Marg learned the importance of good nutrition from an early age, because her mom was a nurse. She’s always enjoyed a healthy diet, and that makes it easier for her to maintain her weight today. “I love yogurt, fresh berries, salads, tuna and turkey,” she says. “I often start my day with a protein-packed smoothie made with yogurt and some fresh fruit.”
Why it could save your life: Being overweight or obese increases your risk of breast cancer—especially after menopause, according to the ACS. Prior to menopause, your ovaries produce most of your estrogen, but after menopause, most estrogen comes from fat tissue. Having more fat tissue can raise estrogen levels, which are thought to play a role in breast cancer.

Limiting alcohol.
Marg has the occasional drink. “I enjoy a beer or a glass of wine after work and on special occasions,” Marg says.
Why it could save your life: Alcohol is linked to an increased risk of breast cancer, but women who have one drink per day have only a very small increase in risk compared to women who don’t drink. Those who have two to five drinks daily have about 1½ times the risk, according to the ACS.

Weighing the risks and benefits of hormone replacement therapy (HRT) with your doctor.
Marg does not use it, although she’s not opposed to taking it.
Why it could save your life: Using HRT (a combination of estrogen and progesterone) after menopause has been shown to raise your breast cancer risk—and it may increase your chance of dying from the disease, according to the ACS. It may also reduce the effectiveness of mammograms, since estrogen increases breast density. The increased risk applies only to women who are taking HRT now—or have used it recently, since the risk of breast cancer returns to normal within five years of stopping treatment.

That being said, estrogen alone doesn’t appear to increase your risk of breast cancer. If you’re struggling with menopausal symptoms such as hot flashes and night sweats, talk with your doctor about whether you can use hormones at the lowest possible dose and for a short time, recommends the ACS. (If estrogen is used for more than 10 years, it may boost your risk of both ovarian and breast cancers.)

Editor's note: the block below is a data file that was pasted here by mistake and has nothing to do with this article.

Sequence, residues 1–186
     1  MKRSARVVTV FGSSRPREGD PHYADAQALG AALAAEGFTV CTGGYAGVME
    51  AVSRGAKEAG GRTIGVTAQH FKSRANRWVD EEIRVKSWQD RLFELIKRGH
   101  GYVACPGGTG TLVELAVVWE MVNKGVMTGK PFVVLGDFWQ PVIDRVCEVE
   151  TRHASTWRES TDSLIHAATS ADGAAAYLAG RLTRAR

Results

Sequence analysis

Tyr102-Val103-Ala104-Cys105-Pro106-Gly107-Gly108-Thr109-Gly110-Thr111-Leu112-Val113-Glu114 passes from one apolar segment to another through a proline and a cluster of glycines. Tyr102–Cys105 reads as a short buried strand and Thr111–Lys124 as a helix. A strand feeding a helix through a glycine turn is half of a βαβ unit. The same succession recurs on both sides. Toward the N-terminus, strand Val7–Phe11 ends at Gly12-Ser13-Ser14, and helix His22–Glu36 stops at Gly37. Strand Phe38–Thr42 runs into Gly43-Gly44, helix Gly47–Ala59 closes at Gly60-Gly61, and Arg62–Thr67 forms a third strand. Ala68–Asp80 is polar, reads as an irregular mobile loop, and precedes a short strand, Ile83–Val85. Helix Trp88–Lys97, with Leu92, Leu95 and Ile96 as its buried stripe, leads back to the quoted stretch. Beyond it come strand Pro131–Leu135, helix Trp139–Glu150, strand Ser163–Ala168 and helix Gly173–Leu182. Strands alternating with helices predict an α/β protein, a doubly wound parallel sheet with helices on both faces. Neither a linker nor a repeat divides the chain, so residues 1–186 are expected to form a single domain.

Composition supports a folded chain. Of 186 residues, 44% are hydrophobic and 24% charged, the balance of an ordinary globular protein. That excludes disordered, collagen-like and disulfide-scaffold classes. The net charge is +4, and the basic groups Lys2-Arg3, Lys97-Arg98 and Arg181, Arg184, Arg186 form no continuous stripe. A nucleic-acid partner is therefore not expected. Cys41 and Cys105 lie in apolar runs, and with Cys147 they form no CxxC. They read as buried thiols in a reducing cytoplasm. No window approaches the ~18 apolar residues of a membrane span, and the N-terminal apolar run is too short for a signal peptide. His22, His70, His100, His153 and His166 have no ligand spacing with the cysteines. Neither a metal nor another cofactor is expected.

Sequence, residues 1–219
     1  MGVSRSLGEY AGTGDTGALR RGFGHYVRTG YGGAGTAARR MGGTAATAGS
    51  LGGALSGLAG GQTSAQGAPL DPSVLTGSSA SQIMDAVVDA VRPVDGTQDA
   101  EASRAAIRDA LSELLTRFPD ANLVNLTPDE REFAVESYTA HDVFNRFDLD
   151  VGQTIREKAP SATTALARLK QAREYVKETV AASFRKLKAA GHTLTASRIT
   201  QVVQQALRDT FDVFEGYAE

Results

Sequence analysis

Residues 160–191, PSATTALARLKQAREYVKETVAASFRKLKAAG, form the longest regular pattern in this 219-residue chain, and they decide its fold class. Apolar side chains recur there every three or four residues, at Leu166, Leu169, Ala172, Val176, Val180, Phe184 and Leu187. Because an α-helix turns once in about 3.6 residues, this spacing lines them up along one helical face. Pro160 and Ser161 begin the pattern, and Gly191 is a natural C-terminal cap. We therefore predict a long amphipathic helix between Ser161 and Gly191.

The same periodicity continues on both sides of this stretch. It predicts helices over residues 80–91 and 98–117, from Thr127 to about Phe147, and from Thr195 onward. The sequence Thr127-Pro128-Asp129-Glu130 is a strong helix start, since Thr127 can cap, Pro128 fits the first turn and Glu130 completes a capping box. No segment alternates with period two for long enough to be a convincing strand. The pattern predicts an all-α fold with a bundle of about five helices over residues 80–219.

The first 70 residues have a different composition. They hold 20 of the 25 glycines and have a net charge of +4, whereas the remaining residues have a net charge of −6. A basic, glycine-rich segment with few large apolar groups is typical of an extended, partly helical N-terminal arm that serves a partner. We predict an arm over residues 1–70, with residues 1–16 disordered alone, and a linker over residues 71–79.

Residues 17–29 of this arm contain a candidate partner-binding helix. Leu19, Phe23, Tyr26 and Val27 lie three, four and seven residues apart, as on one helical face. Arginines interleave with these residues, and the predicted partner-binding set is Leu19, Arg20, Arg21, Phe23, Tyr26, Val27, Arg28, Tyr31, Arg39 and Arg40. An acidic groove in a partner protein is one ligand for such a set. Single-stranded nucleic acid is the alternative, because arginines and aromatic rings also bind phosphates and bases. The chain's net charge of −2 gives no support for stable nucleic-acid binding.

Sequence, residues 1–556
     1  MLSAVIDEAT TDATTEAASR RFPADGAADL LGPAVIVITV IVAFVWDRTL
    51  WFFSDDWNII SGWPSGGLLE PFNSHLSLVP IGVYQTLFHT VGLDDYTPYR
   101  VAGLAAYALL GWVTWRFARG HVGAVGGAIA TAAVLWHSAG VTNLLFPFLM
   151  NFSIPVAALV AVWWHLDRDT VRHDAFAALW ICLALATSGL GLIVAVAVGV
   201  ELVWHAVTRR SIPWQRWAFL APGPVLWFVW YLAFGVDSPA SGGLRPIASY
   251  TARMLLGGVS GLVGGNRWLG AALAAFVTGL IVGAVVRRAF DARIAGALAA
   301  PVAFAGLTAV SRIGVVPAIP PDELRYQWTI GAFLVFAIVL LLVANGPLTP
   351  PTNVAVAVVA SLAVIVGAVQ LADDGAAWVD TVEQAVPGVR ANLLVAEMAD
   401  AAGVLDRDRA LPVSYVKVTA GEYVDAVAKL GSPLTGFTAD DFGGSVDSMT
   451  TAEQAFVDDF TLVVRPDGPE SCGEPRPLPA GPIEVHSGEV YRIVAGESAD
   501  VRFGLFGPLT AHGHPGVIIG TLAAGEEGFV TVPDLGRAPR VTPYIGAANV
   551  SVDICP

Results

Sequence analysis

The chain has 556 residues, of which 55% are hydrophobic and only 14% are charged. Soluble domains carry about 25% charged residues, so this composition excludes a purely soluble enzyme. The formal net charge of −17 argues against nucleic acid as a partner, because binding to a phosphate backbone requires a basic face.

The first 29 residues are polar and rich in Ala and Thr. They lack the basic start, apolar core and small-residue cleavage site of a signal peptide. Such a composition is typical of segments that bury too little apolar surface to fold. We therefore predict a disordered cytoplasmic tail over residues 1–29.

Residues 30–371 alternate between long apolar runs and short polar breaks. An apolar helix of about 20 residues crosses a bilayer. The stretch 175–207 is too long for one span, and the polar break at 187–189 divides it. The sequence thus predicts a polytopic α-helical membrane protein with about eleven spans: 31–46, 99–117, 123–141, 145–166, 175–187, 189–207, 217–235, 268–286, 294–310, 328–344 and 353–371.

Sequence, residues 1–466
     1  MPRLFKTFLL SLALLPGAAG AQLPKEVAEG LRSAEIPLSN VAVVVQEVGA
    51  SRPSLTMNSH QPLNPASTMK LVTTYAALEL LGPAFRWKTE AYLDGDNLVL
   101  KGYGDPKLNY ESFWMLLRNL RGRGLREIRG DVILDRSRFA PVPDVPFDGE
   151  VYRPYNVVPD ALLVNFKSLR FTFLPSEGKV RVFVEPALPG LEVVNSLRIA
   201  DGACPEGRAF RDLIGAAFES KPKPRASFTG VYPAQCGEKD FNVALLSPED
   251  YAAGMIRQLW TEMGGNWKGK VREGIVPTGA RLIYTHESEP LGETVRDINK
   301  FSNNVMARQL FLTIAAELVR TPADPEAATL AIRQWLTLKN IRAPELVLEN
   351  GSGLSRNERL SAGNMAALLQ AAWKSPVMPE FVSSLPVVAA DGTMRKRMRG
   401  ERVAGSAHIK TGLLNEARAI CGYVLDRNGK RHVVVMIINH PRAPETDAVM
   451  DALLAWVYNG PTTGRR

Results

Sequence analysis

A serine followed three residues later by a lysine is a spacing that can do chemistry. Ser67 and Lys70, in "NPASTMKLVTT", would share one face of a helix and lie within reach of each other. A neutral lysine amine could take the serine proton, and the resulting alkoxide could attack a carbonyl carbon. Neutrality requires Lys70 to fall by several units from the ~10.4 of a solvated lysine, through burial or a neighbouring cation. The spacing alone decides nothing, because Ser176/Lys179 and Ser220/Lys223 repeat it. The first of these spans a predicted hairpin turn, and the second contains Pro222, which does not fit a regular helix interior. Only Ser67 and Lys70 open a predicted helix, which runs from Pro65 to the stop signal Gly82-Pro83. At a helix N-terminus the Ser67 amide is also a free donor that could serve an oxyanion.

Is breast cancer genetic?
Your mom, sister or aunt hasn’t had breast cancer, so you probably won’t get it, right? Wrong. More than 85% of women who develop the disease don’t have a family history of it, according to the American Cancer Society (ACS). Being a woman is the main risk factor, and as you get older, your chance of developing it increases. About one in eight breast cancers are found in women younger than 45, whereas two out of three are found in women 55 or older.

If you do have a family member who’s had the illness, you’ll need to monitor your health closely. Having a first-degree relative (mother, sister or daughter) with breast cancer doubles your risk; having two first-degree relatives triples your risk, according to the ACS. Having a father or brother with the disease increases your risk as well. About 5% to 10% of breast cancer cases stem from defects in genes inherited from a parent. The most common causes are mutations in the BRCA1 and BRCA2 genes, which prevent breast cells from growing abnormally. If you have a family history of the disease, ask your doctor whether you should have a blood test that can detect a mutation in the BRCA1 and BRCA2 genes.

Published March 2014